by Jason D. Chaytor, Research Geologist, U.S. Geological Survey
Puerto Rico, the Virgin Islands to its east, and eastern Hispaniola to its west, are located on an active plate boundary zone between the North American Plate and the northeast corner of the Caribbean Plate (Figure 1). The approximately 80 million year old Caribbean Plate is roughly rectangular, and it slides eastward at about two centimeters/year relative to the North American Plate. Motion along its northern boundary (in the plate boundary zone region) is dominantly strike-slip (sideways motion between the plates), with a small component of subduction (one plate sinks under the other plate). In contrast, the Caribbean Plate farther east overrides the North American Plate, creating the island arc of the Lesser Antilles with its active volcanoes. There are currently no active volcanoes in Puerto Rico and the Virgin Islands; the last volcanoes were active approximately 30 million years ago.
The Puerto Rico Trench (Figure 2) lies to the north of Puerto Rico and is the deepest part of the Atlantic Ocean, with water depths exceeding 8,300 meters (5.2 miles). Its depth is comparable to the deep trenches in the Pacific Ocean. Trenches in the Pacific are located in places where one tectonic plate subducts or slides under another one. The Puerto Rico Trench, in contrast, is located at a boundary between two plates that slide past each other with only a small component of subduction. The trench is less deep where the component of subduction is larger.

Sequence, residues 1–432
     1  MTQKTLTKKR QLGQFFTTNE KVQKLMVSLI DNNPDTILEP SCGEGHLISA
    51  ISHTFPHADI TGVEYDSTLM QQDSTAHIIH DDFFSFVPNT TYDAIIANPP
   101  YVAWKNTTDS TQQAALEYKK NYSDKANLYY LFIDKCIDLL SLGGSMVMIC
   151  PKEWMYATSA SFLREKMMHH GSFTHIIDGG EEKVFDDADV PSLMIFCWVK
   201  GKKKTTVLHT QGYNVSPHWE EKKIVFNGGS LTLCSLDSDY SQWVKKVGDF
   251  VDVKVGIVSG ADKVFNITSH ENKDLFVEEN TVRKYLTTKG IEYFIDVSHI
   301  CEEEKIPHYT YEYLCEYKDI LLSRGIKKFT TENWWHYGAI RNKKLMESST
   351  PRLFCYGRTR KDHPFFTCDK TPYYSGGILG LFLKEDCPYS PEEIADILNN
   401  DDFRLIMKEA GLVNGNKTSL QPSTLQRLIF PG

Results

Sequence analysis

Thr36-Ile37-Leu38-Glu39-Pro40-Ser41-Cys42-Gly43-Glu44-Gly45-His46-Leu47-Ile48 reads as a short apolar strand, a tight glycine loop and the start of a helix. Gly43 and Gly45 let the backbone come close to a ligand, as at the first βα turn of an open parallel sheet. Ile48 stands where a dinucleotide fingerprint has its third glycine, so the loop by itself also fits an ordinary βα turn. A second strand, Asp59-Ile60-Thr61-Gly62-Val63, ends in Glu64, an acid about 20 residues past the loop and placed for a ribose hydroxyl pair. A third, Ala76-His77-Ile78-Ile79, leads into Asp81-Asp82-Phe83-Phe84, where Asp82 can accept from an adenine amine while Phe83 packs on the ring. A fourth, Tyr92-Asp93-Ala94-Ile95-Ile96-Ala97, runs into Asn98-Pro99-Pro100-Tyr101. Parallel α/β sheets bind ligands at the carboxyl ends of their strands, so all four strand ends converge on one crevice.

The unusually deep seafloor is not limited to the trench, but also extends farther south toward Puerto Rico where a thick limestone (carbonate) platform, which was originally deposited in flat layers near sea level, is now tilted northward at a uniform angle. Its northward edge is at a depth of 4,200 meters (2.6 miles), and its southern edge can be found on land in Puerto Rico at an elevation of a few hundred meters.
South of Puerto Rico and the Virgin Islands, the Muertos Trough and deep sedimentary basins such as the Whiting and Virgin Islands basins further reflect past and ongoing tectonic activity. This long geologic history of plate boundary activity has created a complex undersea terrain that remains largely unexplored.
The region has high seismicity and a history of high magnitude earthquakes (Figure 1), including a magnitude 7.5 earthquake centered northwest of Puerto Rico in 1943 and magnitude 8.1 and 6.9 earthquakes north of Hispaniola in 1946 and 1953, respectively. Historically, other large earthquakes have also struck the area, such as one in 1787 (magnitude ~8.1), possibly in the Puerto Rico Trench, and one in 1867 (magnitude ~7.5) in the Anegada Trough south of the Virgin Islands.
The hazard from tsunamis in this region is also apparent. Immediately after the 1946 earthquake, a tsunami struck northeastern Hispaniola and moved inland for several kilometers. Some reports indicate that nearly 1,800 people drowned. A 1918 magnitude 7.5 earthquake resulted in a tsunami that killed at least 40 people in northwestern Puerto Rico.
Essentially, all of the known causes of tsunamis are present in the Caribbean – earthquakes, submarine landslides, submarine volcanic eruptions, subaerial pyroclastic flows into the ocean, and major tsunamis called teletsunamis. Because of its high population density and extensive development near the coast, Puerto Rico has a significant risk for earthquakes and tsunamis.